Emergency services are one area of healthcare where a large number of fatalities are seen globally, this is either due to poor training of personnel, lack of equipment, organizational and oversight issues, etc. The way emergency services work and their effectiveness can change greatly depending on which country, region or location you choose to look at. There is a huge difference in the way EMS works in Europe compared to say, Botswana.

This discrepancy in funding and tech aside, most of the above-mentioned problems are universal to Emergency services and their providers. The field also has one of the highest burnout rates in the whole healthcare industry with many paramedics and EMT techs quitting. Now addressing these issues of staffing, funding, organization, etc cannot be done easily, mainly due to the very nature of bureaucracies themselves. So any large-scale revamp would take months or years to plan, debate and fund, in the meantime more and more lives will be lost due to inefficient practices and inadequate resources.

So can we stem the tide with a solution that is easier to implement and doesn't cost as much? Why yes, that's where telemedicine comes in. Telemedicine companies simply design software that enables a medical consultation between a doctor and a remotely located patient. This software can be run on pretty much all devices whether they are phones, tablets, laptops, etc.

In today's scenario, the cost of data and the internet is quite low with multiple options to choose from. All of this boils down to one very simple thing, telemedicine is a cheap and readily available method to augment ambulance and emergency care. The use of Telemedicine can help to connect doctors and specialists who are mainly concentrated in urban areas with EMS crews that urgently require their expertise out in remote and rural locations.


Telehealth services can help in a variety of ways and save lives when we integrate them into the existing EMS workflows.


Telehealth solutions and service providers are now looking to enter the previously untapped market of ambulatory and emergency services, this is not just a private push but also a concerted effort by policymakers at the state and central levels in various countries. When it comes to doing more with less, Telemedicine can be an ideal solution. That is why many countries including India are investing so heavily in it. But when all is said and done we should remember that telemedicine is an adjunct and a tool for conventional medicine and it cannot replace the in-person contact that is mandatory in many areas of medical care.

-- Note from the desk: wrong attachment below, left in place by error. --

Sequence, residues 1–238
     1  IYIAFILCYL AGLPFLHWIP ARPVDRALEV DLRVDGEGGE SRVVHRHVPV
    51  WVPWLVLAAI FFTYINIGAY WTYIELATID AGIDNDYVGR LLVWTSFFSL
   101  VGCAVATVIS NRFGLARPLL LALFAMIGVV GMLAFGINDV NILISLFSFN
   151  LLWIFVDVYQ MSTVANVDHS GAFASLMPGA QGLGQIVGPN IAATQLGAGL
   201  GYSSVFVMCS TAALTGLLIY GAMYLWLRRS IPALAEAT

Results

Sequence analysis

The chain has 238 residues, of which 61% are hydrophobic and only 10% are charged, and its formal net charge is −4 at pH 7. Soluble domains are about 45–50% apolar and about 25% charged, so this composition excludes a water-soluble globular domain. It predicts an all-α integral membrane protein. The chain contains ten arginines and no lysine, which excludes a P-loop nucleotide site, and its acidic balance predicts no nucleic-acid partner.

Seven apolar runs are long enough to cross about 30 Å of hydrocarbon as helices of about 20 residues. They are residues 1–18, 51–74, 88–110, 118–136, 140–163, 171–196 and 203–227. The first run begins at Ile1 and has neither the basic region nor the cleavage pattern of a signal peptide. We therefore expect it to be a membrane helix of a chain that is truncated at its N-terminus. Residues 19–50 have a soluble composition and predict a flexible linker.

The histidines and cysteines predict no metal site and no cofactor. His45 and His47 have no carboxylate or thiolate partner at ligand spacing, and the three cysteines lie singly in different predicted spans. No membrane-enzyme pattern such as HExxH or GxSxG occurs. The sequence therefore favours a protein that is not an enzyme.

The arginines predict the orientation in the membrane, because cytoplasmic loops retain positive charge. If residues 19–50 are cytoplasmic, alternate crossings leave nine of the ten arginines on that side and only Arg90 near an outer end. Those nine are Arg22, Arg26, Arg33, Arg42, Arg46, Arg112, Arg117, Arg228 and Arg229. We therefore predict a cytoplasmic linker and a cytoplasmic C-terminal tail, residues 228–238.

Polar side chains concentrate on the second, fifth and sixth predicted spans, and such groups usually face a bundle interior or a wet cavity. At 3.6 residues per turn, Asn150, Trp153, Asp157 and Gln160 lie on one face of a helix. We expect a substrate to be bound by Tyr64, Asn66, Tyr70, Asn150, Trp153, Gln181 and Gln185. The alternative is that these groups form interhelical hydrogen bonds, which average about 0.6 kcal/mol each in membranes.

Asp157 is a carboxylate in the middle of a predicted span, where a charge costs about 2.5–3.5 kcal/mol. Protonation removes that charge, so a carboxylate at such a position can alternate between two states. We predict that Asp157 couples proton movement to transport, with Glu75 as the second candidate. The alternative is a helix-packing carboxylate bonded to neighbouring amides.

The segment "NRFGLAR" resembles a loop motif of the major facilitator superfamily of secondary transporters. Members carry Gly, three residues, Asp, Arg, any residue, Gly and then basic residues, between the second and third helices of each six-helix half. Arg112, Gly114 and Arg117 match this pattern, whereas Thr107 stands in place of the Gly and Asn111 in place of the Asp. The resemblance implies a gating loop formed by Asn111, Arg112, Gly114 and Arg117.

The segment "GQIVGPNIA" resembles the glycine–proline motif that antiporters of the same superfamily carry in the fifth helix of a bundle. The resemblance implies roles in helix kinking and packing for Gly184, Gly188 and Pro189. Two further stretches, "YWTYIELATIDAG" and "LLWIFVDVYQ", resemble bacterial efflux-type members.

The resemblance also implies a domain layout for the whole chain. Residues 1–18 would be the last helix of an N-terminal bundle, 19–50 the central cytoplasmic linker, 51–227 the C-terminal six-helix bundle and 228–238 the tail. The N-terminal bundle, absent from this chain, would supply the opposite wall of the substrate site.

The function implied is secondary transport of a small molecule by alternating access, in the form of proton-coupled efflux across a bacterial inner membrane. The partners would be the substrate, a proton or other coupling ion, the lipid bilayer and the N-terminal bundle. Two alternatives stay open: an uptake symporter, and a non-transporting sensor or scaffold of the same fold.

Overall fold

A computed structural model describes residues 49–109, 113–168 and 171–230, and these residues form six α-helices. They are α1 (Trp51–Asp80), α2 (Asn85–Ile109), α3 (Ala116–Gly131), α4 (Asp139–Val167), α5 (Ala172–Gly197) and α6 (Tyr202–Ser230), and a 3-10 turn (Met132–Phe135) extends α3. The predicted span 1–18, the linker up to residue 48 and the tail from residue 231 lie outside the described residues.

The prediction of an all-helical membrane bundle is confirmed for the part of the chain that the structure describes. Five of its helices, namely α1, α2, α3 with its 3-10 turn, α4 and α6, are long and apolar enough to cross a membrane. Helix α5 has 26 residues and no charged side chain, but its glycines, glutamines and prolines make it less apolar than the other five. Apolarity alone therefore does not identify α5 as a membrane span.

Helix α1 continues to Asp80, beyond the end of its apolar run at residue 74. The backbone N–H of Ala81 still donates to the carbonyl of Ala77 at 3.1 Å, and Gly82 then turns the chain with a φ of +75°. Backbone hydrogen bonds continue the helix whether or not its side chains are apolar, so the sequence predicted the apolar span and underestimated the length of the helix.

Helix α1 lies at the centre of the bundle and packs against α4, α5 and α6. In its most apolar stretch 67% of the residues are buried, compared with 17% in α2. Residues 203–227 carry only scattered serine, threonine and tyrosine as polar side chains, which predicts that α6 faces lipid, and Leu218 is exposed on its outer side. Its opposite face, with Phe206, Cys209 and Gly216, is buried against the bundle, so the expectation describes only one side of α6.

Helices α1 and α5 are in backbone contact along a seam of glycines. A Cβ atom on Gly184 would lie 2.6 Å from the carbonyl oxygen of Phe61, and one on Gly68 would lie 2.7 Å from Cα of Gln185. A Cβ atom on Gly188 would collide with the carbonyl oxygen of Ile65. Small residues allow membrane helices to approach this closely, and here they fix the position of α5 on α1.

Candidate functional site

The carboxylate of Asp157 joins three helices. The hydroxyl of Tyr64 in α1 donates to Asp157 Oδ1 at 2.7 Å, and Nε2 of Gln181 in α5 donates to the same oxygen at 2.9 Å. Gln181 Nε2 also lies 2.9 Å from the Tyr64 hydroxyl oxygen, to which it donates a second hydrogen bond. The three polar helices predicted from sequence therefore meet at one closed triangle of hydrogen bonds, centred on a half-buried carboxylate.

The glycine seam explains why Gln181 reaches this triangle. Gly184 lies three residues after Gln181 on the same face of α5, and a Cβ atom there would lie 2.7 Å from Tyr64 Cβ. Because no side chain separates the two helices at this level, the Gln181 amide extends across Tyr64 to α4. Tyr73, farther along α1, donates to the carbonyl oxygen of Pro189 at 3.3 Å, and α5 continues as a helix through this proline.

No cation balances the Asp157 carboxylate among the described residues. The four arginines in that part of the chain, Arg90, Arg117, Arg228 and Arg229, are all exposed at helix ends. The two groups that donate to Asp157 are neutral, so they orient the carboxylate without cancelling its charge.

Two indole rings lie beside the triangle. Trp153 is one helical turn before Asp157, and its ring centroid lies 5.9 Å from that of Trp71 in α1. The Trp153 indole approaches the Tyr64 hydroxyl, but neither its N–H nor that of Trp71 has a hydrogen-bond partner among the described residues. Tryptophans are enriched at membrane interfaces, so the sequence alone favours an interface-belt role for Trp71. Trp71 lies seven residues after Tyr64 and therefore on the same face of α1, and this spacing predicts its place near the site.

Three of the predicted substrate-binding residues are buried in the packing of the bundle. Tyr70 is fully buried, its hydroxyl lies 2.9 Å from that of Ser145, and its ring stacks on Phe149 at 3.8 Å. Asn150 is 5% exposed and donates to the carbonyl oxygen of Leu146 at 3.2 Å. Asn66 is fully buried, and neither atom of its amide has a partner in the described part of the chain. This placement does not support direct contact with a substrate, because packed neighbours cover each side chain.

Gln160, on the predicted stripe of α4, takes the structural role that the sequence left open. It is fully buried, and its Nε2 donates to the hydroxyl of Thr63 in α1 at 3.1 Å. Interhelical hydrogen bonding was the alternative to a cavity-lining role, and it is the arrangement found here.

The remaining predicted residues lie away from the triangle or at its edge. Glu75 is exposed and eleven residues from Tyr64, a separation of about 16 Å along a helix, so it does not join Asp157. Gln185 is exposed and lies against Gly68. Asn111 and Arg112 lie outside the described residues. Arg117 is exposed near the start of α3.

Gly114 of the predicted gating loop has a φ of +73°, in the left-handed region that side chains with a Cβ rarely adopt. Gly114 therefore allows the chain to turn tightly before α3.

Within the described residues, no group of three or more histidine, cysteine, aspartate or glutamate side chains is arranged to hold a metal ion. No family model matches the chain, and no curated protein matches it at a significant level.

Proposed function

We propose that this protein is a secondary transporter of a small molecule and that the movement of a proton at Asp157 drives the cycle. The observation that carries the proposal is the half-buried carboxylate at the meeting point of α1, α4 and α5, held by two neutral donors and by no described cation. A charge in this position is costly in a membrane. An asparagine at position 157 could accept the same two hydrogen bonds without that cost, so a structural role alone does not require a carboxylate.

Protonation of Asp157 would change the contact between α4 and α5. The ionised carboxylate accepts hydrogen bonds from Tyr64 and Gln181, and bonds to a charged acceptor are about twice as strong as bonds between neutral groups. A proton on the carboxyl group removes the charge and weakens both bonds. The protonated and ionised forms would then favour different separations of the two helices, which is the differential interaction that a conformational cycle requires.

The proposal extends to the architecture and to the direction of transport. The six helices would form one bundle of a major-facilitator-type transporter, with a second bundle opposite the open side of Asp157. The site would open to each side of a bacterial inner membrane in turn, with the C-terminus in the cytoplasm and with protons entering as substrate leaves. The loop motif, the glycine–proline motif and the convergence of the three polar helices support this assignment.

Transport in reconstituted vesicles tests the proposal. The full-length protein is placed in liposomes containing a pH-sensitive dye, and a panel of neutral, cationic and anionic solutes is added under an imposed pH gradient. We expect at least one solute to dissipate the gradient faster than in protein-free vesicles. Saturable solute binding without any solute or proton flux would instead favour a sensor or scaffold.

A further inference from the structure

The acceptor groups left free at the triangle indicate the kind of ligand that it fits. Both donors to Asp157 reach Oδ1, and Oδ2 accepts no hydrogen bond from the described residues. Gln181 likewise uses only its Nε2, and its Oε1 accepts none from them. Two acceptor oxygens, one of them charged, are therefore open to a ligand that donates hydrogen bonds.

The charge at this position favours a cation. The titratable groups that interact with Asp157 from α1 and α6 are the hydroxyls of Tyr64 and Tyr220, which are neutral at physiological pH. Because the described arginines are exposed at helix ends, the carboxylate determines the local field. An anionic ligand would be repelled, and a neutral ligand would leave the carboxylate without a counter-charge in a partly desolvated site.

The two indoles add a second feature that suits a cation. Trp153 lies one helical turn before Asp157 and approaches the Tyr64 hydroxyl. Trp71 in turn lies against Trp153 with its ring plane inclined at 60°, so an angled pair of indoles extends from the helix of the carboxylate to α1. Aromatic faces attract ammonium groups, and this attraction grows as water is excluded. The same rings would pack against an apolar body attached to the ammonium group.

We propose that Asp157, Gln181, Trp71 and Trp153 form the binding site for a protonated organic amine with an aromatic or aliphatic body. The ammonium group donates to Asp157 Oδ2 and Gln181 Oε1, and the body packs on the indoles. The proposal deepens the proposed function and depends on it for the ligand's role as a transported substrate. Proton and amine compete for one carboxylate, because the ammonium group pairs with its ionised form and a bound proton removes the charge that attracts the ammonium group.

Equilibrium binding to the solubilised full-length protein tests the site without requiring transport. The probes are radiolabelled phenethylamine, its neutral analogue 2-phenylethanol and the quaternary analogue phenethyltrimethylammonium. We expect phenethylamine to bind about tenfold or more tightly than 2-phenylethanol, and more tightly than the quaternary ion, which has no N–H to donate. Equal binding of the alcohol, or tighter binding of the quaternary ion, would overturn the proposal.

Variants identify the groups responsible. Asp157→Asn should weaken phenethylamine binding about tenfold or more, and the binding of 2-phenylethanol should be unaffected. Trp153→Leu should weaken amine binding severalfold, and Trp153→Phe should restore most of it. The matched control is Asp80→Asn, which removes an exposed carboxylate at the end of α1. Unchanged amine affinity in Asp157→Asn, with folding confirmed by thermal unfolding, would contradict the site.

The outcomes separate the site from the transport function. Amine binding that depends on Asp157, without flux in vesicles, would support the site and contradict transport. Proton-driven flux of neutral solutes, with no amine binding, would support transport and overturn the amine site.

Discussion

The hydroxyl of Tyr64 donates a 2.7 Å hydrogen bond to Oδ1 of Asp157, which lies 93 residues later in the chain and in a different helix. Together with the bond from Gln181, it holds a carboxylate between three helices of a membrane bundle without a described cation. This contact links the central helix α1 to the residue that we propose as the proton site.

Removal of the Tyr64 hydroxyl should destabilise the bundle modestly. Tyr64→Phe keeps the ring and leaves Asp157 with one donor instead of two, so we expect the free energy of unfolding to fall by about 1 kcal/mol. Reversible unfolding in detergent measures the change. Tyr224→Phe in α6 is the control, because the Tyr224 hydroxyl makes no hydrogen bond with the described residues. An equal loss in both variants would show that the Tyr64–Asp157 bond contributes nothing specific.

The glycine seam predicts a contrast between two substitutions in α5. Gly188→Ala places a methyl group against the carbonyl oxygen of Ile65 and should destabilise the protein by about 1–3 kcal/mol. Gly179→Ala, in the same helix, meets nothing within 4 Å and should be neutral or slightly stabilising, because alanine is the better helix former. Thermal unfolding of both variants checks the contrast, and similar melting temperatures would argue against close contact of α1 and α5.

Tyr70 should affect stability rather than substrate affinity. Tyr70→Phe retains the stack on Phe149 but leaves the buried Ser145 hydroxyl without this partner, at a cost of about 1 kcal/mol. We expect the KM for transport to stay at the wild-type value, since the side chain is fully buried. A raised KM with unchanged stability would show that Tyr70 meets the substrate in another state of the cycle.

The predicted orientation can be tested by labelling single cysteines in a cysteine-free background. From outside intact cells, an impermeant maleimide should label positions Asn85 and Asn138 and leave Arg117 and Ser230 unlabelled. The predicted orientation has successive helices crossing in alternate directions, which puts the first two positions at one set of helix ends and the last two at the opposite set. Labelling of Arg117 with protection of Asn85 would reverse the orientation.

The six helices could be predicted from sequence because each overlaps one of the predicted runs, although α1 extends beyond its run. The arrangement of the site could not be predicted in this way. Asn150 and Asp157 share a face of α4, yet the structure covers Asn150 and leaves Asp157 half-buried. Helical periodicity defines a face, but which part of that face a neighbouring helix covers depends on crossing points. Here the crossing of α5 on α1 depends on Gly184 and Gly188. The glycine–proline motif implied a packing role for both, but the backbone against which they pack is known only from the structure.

That is why many countries including India are investing so heavily in it. But when all is said and done we should remember that telemedicine is an adjunct and a tool for conventional medicine and it cannot replace the in-person contact that is mandatory in many areas of medical care.

Recent Post

7 Reasons to Invest in Telemedicine for your practice


How Telemedicine Kits are changing Healthcare


Is Our Food Poisoning Us


What is Tele-emergency


What Is A Remote Health Monitoring System


Are EMTs Ready For Telemedicine?


How Much Does Telemedicine Cost?


Benefits of Telehealth in Ambulatory & Emergency Settings


The Digital Disruption in Diabetes Care


Our Office Information


No. 69, Tranquil Terrace, Kamdar Nagar,
2nd Street, Nungambakkam, Chennai,
India - 600 034

Call Us

+91 93452 87085 


Skip the waiting room..!
Contact Us Now

Get monthly updates and free resources.


© Copyright 2023 CureSelect Healthcare, LLC. All Rights Reserved. Privacy Policy | Terms of Service